Monkeypox Outbreak – Are Children and Pregnant Women at Risk?
After the COVID pandemic, monkeypox has come out as another unusual virus that is outbreaking and making the headlines worldwide. Over 80 confirmed cases have been reported from around 12 countries. These include several European countries, the US, Australia, and Canada. Various health experts and the WHO are expecting the cases to rise in non-endemic countries. India has not yet reported any case, but the authorities are keeping a strict watch over the situation.
As we all know, children and expecting mothers are highly sensitive to environmental factors; they must take proper precautions to stay away from possible infections. But are they susceptible to contracting monkeypox as well? To know more about this, we must understand what monkeypox is, how it spreads, and what are the treatment options.
“Pregnancy Is A Immunosuppressive State, But Proper Care and Hygiene Can Prevent Most Of The Infections”. – Dr. Sabiha Anjum
What Is Monkeypox?
Monkeypox is a viral infection caused by the monkeypox virus, a member of the Orthopoxvirus genus. It is a highly contagious infection with symptoms similar to smallpox but clinically less severe. The hosts of this virus are primates and rodents, such as rats and squirrels, that transmit the virus to other animals and human beings. The virus typically occurs in the tropical regions of central and west Africa. Unlike smallpox, monkeypox is rare, less painful, and self-limiting.
History of Monkeypox
The first case of monkeypox was reported in 1958 with two outbreaks of pox-like diseases in monkeys. Hence, the name. However, the first human case was reported in 1970 in the Democratic Republic of Congo during the infestation drive of smallpox. Since then, this viral infection has been recorded in human beings in neighbourhood countries.
Symptoms of Monkeypox
The monkeypox symptoms are similar but milder than smallpox. The infection usually takes 6 to 13 days to develop symptoms, but the incubation period can range from 5 to 21 days.
The symptoms begin with:
- Muscle aches
- Swollen lymph nodes
After 1-3 days of the appearance of fever, the individual begins to experience rashes and skin eruptions on the face, which then spread to other parts of the body. Apart from the face, the rashes can affect palms, feet soles, oral mucous membranes, cornea, and genitalia. It is a self-limiting infection with symptoms that can last from 2 to 4 weeks. The infection may cause severity in children because of an underlying immune deficiency.
Since this infection is rare, in severe cases, the fatality ratio of monkeypox is around 3-6%.
How Does It Transmit?
Monkeypox is highly contagious. There are several modes of transmission of this viral infection. An individual may contract the infection by coming in contact with an animal, person, or any object contaminated with the virus. The virus can enter the host through mucous membranes (eyes, nose, mouth), abrasions (broken skin), or the respiratory tract.
Animal-to-human transmission can happen through:
- A bite or scratch of the infected animal
- direct contact with body fluids or lesion material
- Contact with the contaminated bedding of the infected animal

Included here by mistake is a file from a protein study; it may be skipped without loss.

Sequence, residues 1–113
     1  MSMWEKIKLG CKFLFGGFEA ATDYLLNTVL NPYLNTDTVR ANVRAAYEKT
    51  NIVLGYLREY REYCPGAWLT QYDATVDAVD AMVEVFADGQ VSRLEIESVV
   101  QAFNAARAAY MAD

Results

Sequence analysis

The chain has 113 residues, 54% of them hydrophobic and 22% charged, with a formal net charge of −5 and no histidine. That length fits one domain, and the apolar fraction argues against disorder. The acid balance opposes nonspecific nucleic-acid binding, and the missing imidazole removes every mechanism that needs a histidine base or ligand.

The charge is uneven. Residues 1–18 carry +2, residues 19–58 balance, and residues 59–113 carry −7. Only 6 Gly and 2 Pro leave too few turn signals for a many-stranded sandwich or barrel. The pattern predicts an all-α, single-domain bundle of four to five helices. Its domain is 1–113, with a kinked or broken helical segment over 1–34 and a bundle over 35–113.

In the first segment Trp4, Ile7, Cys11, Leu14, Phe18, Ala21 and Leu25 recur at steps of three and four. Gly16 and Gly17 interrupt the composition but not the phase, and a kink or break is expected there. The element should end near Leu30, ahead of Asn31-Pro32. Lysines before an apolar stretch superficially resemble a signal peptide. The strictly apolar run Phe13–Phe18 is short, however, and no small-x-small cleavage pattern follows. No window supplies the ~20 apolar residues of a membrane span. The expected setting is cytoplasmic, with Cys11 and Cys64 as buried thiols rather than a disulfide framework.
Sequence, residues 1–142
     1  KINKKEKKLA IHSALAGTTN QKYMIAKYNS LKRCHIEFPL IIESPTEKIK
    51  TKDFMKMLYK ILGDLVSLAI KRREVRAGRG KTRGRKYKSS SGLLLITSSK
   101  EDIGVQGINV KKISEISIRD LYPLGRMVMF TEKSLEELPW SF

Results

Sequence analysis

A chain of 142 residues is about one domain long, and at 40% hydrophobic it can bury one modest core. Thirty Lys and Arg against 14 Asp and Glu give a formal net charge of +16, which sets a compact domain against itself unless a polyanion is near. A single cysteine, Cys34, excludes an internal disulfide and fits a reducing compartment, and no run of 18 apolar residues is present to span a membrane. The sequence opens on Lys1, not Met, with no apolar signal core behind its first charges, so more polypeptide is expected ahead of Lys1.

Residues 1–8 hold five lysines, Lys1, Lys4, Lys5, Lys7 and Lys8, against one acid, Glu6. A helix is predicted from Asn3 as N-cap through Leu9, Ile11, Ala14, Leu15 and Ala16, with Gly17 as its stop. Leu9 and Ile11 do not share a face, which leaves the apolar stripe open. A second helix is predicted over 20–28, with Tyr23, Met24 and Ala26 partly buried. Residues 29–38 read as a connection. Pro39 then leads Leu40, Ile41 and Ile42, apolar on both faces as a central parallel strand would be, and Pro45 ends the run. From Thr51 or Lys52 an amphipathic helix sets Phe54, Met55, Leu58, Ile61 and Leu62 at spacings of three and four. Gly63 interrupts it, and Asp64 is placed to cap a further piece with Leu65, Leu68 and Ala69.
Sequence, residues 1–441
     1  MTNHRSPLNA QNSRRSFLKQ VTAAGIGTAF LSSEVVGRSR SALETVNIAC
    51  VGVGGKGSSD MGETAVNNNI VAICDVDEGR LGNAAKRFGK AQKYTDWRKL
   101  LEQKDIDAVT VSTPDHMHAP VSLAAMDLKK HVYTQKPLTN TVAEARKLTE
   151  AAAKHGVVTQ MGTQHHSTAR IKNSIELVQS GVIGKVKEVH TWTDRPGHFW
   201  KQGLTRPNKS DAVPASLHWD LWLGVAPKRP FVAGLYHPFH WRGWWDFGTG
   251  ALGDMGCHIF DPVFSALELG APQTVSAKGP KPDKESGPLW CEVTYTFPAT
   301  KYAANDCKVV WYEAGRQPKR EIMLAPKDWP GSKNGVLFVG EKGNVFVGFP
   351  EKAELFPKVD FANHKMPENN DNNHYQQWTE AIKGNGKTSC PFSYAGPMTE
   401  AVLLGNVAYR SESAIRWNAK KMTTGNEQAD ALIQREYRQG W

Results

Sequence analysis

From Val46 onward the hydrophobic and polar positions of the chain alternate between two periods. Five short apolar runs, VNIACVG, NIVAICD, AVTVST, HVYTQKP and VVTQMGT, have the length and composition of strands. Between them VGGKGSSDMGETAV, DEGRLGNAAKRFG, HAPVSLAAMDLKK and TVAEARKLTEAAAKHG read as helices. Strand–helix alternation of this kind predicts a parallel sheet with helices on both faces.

It can spread between humans through:
- Sharing respiratory droplets of any individual infected with monkeypox, like while coughing and sneezing.
- Direct contact with the infected person’s body fluids, lesions, skin blisters, or scabs.
- Indirect contact by touching the infected person’s clothing or bedding.
According to the CDC, currently, there is no safe, proven treatment for monkeypox. However, antivirals and vaccines approved for smallpox can be used to treat the symptoms of monkeypox. As this infection can spread through touch, if you happen to contract monkeypox, isolation is necessary.
Since smallpox and monkeypox share similar symptoms, vaccination approved against smallpox, including Imvanex, has demonstrated to effectively provide protection against monkeypox as well.
As per the WHO, out of the new vaccines developed, one has been approved for the prevention of monkeypox. Another antiviral agent developed to treat smallpox is also licensed for treating monkeypox.
Should Pregnant Women and Parents Be Worried About Monkeypox?
Monkeypox can be deadly; however, most cases recover in two to four weeks without any serious consequences. According to the WHO, children, pregnant women, and individuals with immune suppression are at a high risk of contracting this infection. Monkeypox during pregnancy may cause complications, stillbirth, or congenital monkeypox.
Parents should be aware of any noticeable change in their children. If any of the aforementioned symptoms occur, they should contact the doctor without delay.
What Can You Do to Prevent It?
There are several measures that can be undertaken to prevent the contraction of this infection.
- Practise good hand and body hygiene regularly when coming from outside.
- Consume meat that is sourced with clean checks and thoroughly cooked.
- Wear masks when going outside as respiratory transmission of monkeypox is an option.
- Avoid direct contact with the animals that can easily harbour the virus in the areas where the infection is increasing.
- Avoid direct contact with sick animals and indirect contact with their beddings or other objects.
- Do not come in close contact with people who are sick and may have monkeypox symptoms. Also, don’t share their belongings.
- Avoid bushmeat (meat of wild animals).
Timely surveillance, precautionary measures and vaccine can help control the outbreak of monkeypox in masses. On an individual level, ensure proper hygiene and wear face masks to avoid any chance of contracting this viral infection.